This edition is illustrated throughout by Thackeray himself, as can be seen in the image below, which shows Becky Sharp making acquaintance with a ‘live Baronet’.

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Illustration of Becky Sharp by Thackeray, with the caption ‘Rebecca makes acquaintance with a live Baronet’

Becky Sharp

The focal point of the novel is the development of Becky Sharp. Another important female character is Amelia Sedley, a school friend of Becky. Both their lives are intertwined throughout the novel, and contrasted in terms of their fortunes and their characters. Amelia, who is kindly and virtuous, is the sentimental foil to Becky, who is portrayed as seemingly without the attributes of conventional morality. In the traditions of nineteenth century literature, Amelia would be the novel’s primary heroine, but it is Becky who stays in the reader’s mind, almost as sole protagonist. Also note Vanity Fair’s subtitle – ‘A Novel Without a Hero’ – an indication that no single central character is a representative of honour or contemporary conceptions of moral virtue.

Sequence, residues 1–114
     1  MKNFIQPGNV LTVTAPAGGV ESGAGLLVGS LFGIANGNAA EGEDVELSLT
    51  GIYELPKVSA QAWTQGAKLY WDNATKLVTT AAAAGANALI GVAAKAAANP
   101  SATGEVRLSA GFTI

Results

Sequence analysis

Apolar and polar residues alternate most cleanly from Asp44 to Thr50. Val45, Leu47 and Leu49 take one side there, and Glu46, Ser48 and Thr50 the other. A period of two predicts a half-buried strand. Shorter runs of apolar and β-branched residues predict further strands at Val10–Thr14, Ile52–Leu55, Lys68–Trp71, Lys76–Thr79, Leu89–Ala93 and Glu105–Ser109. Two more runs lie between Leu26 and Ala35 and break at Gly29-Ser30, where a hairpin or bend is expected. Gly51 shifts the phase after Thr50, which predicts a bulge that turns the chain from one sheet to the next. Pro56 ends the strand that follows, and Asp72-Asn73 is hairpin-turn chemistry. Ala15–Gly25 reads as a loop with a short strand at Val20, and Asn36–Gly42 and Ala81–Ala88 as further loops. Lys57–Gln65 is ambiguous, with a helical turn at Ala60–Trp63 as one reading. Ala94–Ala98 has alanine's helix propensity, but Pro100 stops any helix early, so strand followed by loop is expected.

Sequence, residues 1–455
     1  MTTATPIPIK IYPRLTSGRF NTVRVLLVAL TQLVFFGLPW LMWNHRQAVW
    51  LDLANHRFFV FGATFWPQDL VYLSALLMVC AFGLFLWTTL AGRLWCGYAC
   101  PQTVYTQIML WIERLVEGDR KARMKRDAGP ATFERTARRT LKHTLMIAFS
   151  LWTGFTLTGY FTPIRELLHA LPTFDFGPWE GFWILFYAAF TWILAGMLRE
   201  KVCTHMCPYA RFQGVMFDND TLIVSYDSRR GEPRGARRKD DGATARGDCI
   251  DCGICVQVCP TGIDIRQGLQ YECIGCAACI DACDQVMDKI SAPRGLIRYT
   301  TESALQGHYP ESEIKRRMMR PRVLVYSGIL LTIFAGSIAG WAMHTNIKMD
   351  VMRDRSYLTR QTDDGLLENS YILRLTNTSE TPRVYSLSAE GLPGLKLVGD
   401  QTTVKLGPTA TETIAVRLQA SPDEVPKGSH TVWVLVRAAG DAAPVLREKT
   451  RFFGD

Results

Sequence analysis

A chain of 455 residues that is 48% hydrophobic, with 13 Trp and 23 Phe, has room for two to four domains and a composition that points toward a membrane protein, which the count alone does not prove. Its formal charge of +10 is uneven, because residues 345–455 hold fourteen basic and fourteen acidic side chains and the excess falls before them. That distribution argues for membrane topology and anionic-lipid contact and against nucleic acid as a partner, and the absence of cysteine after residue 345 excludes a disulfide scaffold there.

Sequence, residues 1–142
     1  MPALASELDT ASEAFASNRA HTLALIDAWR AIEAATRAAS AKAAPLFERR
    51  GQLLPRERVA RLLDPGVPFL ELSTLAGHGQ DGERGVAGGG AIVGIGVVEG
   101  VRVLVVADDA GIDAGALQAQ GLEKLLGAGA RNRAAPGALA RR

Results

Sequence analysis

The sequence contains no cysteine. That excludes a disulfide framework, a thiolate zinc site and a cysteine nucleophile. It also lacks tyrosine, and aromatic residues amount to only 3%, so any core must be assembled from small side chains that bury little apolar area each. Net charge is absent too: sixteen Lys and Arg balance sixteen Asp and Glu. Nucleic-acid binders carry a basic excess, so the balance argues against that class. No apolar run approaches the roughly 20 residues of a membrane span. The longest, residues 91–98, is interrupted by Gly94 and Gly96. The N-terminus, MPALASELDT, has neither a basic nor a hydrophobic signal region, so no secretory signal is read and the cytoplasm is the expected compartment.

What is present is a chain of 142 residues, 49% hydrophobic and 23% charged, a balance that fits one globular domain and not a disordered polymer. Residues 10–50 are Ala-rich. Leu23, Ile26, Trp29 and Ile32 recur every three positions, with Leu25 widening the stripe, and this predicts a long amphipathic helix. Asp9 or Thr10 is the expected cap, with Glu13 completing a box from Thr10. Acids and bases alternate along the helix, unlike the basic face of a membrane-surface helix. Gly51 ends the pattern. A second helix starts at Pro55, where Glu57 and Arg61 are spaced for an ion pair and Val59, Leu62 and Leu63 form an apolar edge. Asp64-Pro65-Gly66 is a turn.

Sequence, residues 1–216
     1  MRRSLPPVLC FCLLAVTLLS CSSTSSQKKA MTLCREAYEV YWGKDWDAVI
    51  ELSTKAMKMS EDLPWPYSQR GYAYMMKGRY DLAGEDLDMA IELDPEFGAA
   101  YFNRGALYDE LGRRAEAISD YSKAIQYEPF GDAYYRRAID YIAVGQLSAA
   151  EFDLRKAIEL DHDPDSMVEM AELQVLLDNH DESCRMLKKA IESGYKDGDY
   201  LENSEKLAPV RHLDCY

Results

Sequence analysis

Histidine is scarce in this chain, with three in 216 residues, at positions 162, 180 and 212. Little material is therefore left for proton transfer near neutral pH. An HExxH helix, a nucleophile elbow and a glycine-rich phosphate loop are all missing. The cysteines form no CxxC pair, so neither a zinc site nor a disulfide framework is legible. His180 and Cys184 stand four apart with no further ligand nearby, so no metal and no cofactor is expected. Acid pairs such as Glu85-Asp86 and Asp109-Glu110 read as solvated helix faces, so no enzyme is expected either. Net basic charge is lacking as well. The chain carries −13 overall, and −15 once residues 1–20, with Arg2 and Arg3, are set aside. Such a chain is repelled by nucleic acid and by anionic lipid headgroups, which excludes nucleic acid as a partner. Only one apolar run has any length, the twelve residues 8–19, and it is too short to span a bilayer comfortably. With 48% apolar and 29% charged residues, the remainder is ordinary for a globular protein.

John Carey, in his introduction to the Penguin Classics edition, describes Becky Sharp as the novel’s most complex character: “[s]he is condemned by its morals, but makes its morals seem inadequate. […] In few other Victorian novels is a woman so clearly the most intelligent character.” (p.xxii) Sharp is a relatively unique female character in the mid-nineteenth century, in neither being an insipid heroine nor an unrelatable grotesque. Her wit, drive and ambition make her hard to forget.

Rare Book of the Month: #Throwback

In this new regular feature we re-post the rare book of the month features that were originally published on the Middle Temple website.

For May we are, in essence, featuring two books of the month: Gabriel Powel’s De adiaphoris theses theologicæ ac scholasticæ, printed in London by Robert Barker in 1606, and a manuscript leaf from the Tables of Toulouse, dated to the 15th century.